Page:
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Treats for Tourists: The Superfoods of New Mexico
Dr. Japa K. Khalsa
Travelers have the opportunity to sample the unique local foods of an area and indulge while vacationing. We often hear people say, “I need a vacation from my vacation” when they come back from a trip because they’ve put on a few pounds and have worn themselves out in different ways. Why not try a lighter approach, and strengthen and fortify oneself with the power crops from the region you have visited? Instead of pigging out, just sample the unique foods and stock up on the actual crop instead of the “chocolate-dipped” version of a specialty food. New Mexico’s crops that appeal to tourists (and locals) are a great example of healing foods that nurture the body and mind, and usually come chile-dipped instead of chocolate-dipped. The magic of chiles, pistachios and piñónes comes from the wide variety of ways they can be served and the special invigorating properties of these unique foods from the heart of the desert.
Spicy Salsas for Happiness and Healing; Chiles
A tourist picking up a jar of red salsa to bring home to friends is also bringing a dose of happiness from capsaicin, the active ingredient in red pepper. This is such a hot substance that it has been known to help unblock depression and has been proven to help stimulate the metabolism. Weight Watchers lists chile as one of the best foods to eat for weight loss. There is also so much vitamin C in chile peppers (both red and green) that they are considered a superfood and give some people a “high” similar to exercising. Curanderas (traditional healers) in the area say that green chile is the antidote to chocolate cravings; so be sure to get both red and green (Christmas) salsas.
Pistachios: Crack Some for Nutrition
This specialty crop of New Mexico is a plentiful source of B6 vitamins that help with nerves, skin and amino acid formation. They are a trustworthy snack, especially if you choose the unsalted kind, or even better, a New Mexico chile-roasted pistachio. Full of fiber, healthy fats and antioxidants, they hold a place in recent studies as a heart-disease preventative. Pistachios can serve as a protein replacement on top of a salad or with pasta. They can also be blended into an amazing pesto to serve on lean meats, fish or pasta.
1/2 cup of shelled pistachios
2 cups of basil leaves
1 garlic clove
1 teaspoon of lime juice
2 tablespoons parmesan cheese
6 tablespoons olive oil
1 pinch of sea salt (to taste)
1 pinch of black pepper (to taste)
Place all ingredients in a blender and process until smooth. Add more olive oil if needed to blend.
Piñón Nuts: The Hiker’s Friend
The New Mexico hard-shelled nut from the piñón tree grows encased inside pine cones, and is a treasure trove of healing nutrients. Take a friend to a piñón forest in the fall and open up a pine cone to cull some of these potent and tasty yummies. It’s easy to hike for hours when these nuts are fueling the journey. Eating foods like this with plenty of monounsaturated (plant) fats can help satisfy the body and cut back on cravings for junky or processed foods. Piñónes supply amino acids, phosphorous and healthy fats. Eating fresh and buttery New Mexico piñón nuts is a far cry from purchasing grocery chain peeled piñónes shipped from China. The New Mexico piñón has a harder shell than other varieties but is worth the effort, as the taste is crisp and rich. Know your grower and purchase from a sustainable and local piñón harvester. A great contact is Piñón Penny, who has been working for 20 years to preserve piñón forests. Nuts from this company (www.pinenut.com) are so fres, they can be sprouted to grow into trees.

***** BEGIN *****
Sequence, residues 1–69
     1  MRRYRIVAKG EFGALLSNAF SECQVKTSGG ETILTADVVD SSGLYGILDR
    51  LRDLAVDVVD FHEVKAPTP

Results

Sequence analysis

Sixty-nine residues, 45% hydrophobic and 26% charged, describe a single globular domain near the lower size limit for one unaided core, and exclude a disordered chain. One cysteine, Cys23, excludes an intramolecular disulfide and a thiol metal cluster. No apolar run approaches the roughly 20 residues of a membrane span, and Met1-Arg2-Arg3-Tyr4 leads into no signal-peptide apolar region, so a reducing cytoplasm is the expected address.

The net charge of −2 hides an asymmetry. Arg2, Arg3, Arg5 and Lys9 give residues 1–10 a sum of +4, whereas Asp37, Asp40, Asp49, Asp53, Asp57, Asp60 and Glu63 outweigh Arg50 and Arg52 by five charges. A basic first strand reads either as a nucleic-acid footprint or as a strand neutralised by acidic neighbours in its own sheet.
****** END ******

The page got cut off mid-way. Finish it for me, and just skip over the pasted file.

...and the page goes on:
New Mexico Piñón or Pistachio Dip
1 cup of pistachios or piñónes
Juice of ¼ lemon
1 tablespoon nutritional yeast
Salt and pepper to taste
2 tablespoons olive oil
2 tablespoons chopped chives
1 tablespoon chopped green onions
Soak the pistachios or piñónes for 4 to 12 hours. Drain the water and combine all ingredients in a blender and process until smooth, adding fresh water as needed until creamy. Serve on top of crackers or thinly sliced zucchini, daikon radish or beets.
Raw Ravioli Pillows with New Mexico Piñón or Pistachio filling
Cut a zucchini, daikon radish or beet with a mandolin slicer or vegetable slicer into thin rounds. Marinate in lemon juice and olive oil for an hour or two, then place a tiny bit of filling on top of each round. Cover with a similar sized piece of vegetable and serve these “raw”-violis with a lemon and olive oil pasta sauce.
Dr. Japa K. Khalsa received a Bachelor of Science from Northwestern University and completed her Master of Oriental Medicine at Midwest College of Medicine. She is a board-certified and licensed Doctor of Oriental Medicine, and practices in Española, NM. 505.747.3368, email@example.com, http://www.drjapa.com
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